Saturday, October 10, 2009

On the train from Uzuki

As I write I am whistling through the Japanese “countryside” on a slightly stuffy commuter train. I emphasize “countryside” because in the 1.400km or so of train rides we have taken so far we have never before been more than 100m from a mass of buildings. For a few precious minutes we are cutting across and through the verdant hills of Eastern Kyushu and lapping it up. There is a real beauty in the way the hills take over the landscape in their bibbly-bobbly lush green way before spilling onto narrow plains splattered with condensed humanity or, as at the moment, dive into the Pacific Ocean.

A small bamboo forest is off to my left and, to my surprise, a gleaming white Buddhist stuppa to my right - surprise because this is the first Theravada style stuppa we've come across in many a temple and shrine in the past week.

Back to the recent past....

Usuki

We've just had a charming day in and around the little town of Usuki. A quiet calm place. A pleasant contrast to the hectic cities we've largely convened since landing.
In the center of the the town lies a couple of historical streets lined with old traditional wooden buildings. Peaceful temples and former Samurai residences complete with curved ornate tiled roofs, tatami matted floors, rice paper windows and intricate Japanese gardens. The people are so friendly here. Everywhere we go people nod and smile. They are only too keen to help. One of the old houses has been set up as a rest area for visitors - there was nothing and nobody there except very inviting tranquility. A rare thing to be offered on a plate in a town.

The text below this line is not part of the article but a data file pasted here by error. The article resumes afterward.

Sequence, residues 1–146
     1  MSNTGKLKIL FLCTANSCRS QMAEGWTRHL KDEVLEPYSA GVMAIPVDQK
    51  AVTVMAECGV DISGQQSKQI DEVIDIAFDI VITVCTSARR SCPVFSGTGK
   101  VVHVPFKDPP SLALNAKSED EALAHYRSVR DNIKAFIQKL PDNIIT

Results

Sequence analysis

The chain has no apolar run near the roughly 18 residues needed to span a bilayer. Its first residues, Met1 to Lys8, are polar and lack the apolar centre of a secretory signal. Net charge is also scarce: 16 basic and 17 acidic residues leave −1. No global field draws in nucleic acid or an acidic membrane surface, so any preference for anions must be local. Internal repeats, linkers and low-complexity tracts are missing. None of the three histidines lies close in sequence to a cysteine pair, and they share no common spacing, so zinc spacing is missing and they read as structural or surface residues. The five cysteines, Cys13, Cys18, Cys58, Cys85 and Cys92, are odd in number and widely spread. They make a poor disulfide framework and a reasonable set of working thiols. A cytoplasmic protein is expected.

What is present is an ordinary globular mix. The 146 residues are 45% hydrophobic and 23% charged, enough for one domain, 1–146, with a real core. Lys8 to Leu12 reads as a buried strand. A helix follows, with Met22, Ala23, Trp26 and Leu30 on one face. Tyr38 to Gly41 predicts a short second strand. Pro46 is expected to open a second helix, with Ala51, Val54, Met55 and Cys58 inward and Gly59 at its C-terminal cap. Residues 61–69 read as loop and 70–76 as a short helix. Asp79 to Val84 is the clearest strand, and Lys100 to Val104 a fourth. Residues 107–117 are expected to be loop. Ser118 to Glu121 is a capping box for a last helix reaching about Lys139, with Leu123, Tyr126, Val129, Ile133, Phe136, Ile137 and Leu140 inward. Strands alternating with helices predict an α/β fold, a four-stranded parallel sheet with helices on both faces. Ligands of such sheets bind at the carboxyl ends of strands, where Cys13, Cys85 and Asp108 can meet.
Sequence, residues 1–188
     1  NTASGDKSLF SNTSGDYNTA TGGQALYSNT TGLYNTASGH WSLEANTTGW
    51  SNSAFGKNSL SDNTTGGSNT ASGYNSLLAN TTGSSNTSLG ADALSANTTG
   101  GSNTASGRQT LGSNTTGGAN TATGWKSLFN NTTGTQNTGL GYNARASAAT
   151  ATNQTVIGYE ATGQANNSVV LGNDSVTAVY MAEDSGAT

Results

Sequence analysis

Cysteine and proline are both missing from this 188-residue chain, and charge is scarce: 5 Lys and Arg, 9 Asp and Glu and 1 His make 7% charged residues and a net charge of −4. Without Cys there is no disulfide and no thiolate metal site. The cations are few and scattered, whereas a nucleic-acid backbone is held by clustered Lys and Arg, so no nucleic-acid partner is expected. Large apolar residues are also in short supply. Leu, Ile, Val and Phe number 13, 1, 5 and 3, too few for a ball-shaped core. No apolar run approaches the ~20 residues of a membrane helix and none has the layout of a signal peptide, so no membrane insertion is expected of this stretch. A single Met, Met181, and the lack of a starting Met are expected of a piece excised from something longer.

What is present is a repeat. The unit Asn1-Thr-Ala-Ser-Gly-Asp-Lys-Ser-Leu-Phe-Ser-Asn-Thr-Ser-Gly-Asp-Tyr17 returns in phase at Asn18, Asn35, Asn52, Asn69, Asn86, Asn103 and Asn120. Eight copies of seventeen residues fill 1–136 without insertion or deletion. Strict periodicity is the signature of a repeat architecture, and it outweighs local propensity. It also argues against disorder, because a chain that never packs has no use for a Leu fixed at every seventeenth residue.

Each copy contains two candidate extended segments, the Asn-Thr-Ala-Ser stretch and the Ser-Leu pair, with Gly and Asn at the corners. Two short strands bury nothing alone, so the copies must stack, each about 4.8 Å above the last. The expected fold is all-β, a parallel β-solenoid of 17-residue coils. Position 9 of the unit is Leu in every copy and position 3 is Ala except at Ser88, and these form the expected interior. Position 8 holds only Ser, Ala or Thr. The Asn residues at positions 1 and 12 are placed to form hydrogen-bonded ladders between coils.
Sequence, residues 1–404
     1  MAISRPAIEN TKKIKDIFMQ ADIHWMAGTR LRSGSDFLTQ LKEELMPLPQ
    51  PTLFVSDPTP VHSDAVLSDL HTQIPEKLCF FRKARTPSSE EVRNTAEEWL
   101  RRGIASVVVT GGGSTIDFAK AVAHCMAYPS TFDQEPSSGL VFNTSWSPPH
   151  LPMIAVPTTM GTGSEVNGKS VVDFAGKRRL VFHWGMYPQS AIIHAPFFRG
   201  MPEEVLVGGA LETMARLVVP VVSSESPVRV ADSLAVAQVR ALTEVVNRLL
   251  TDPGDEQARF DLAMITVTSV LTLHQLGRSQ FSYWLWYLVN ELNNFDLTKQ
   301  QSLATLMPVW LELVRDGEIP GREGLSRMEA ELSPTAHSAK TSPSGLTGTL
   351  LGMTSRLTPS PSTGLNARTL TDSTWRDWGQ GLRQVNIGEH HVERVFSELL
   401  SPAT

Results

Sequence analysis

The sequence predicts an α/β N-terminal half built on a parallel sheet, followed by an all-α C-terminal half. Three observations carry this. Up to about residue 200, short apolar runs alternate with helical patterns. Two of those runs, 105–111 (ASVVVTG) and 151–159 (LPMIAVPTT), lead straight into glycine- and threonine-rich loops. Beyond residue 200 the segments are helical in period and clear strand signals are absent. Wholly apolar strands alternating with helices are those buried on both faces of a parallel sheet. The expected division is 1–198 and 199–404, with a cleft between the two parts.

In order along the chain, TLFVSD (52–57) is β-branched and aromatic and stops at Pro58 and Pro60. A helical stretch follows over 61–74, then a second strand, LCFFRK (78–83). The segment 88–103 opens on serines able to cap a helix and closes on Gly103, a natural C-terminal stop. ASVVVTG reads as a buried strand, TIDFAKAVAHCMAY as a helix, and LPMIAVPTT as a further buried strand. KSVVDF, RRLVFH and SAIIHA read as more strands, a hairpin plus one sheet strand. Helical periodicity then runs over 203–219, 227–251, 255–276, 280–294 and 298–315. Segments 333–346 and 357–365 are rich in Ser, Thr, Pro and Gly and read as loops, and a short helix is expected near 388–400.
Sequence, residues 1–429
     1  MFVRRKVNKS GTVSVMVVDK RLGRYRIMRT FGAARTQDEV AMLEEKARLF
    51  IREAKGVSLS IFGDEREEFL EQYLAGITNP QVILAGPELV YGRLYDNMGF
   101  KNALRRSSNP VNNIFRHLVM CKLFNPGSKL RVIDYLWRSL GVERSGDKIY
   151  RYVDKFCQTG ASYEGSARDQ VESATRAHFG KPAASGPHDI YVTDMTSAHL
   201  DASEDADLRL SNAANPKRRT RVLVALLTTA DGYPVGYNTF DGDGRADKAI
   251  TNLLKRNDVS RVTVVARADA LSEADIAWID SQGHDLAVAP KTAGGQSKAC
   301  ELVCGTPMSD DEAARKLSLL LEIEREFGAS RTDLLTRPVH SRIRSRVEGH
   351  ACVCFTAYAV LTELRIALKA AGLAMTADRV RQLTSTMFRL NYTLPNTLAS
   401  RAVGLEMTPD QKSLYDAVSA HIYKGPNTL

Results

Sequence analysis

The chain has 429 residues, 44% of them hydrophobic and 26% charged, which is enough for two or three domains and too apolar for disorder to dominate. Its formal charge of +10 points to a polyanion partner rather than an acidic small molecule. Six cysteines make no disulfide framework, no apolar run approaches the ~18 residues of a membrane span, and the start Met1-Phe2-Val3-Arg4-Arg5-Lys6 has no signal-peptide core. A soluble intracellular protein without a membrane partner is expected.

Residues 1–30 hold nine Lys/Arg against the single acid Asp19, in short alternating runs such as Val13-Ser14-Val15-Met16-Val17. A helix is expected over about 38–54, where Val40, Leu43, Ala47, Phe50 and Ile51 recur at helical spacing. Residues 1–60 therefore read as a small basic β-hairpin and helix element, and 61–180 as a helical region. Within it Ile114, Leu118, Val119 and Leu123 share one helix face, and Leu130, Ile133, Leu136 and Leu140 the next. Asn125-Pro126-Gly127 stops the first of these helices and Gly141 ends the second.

Many a Buddha

The main reason we were here was to peruse some 1,000 year old stone Buddhas a few kms out of town. At the station a very nice man lent us bikes for free, so we rode along the old wooden shopping streets, through the more modern bit of town and out through the padi lined country to our destination. There is little as pleasant as pedaling through new vistas singing a tune (and kind of fitting in the home land of karaoke).
The statues were impressive. Built out of the sides of volcanic rock dispersed by the near'ish Mt Aso, their detail well preserved. In some cases the original ornate paint work is still faintly evident. Via a walk through a bamboo forest and a comic concern at the local snake signs (with evil red eyes!!) we reached the final set of Buddha's, the largest of which being the most renowned stone Buddha in the country and as thus a “national treasure” - a nice concept I think, especially as it does not seem to differentiate between people and things.
The cycle back was delayed by a lady ushering me with a cycle pump. She had noticed my back tyre was low and wanted to help. How can you not smile at such a welcome.

I better stop now as our train is coming into Beppu and we only have a 5 minute change to the next train. I am little concerned about the connection not working out. In our time in Japan everything has run on time and worked well. From seat warming, squirting toilets to, of course, the trains. Why should this time be any different....
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